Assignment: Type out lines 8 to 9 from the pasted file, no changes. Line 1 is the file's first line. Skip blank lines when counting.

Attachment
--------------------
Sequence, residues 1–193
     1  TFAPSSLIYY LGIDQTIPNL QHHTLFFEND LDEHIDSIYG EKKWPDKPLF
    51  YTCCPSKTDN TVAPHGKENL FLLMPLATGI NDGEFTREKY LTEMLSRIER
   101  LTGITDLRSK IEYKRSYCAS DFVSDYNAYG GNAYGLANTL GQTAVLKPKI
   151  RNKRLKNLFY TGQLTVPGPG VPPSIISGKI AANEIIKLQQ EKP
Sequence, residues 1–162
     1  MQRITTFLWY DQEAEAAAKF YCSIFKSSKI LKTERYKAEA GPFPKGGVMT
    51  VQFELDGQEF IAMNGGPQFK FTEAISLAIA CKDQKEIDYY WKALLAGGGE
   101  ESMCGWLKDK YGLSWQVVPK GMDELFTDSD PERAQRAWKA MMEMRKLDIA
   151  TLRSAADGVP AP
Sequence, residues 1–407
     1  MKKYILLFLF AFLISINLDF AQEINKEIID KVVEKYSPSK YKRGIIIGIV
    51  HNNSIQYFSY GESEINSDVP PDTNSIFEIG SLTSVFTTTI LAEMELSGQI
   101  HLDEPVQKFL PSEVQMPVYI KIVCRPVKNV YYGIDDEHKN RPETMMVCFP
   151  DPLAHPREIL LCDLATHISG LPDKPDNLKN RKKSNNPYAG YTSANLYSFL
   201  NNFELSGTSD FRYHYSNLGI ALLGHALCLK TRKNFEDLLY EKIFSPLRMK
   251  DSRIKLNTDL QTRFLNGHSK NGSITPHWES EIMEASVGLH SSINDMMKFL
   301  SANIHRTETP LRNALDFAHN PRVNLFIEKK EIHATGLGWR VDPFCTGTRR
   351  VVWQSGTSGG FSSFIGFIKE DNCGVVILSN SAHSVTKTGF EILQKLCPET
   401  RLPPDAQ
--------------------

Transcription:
    51  VQFELDGQEF IAMNGGPQFK FTEAISLAIA CKDQKEIDYY WKALLAGGGE
   101  ESMCGWLKDK YGLSWQVVPK GMDELFTDSD PERAQRAWKA MMEMRKLDIA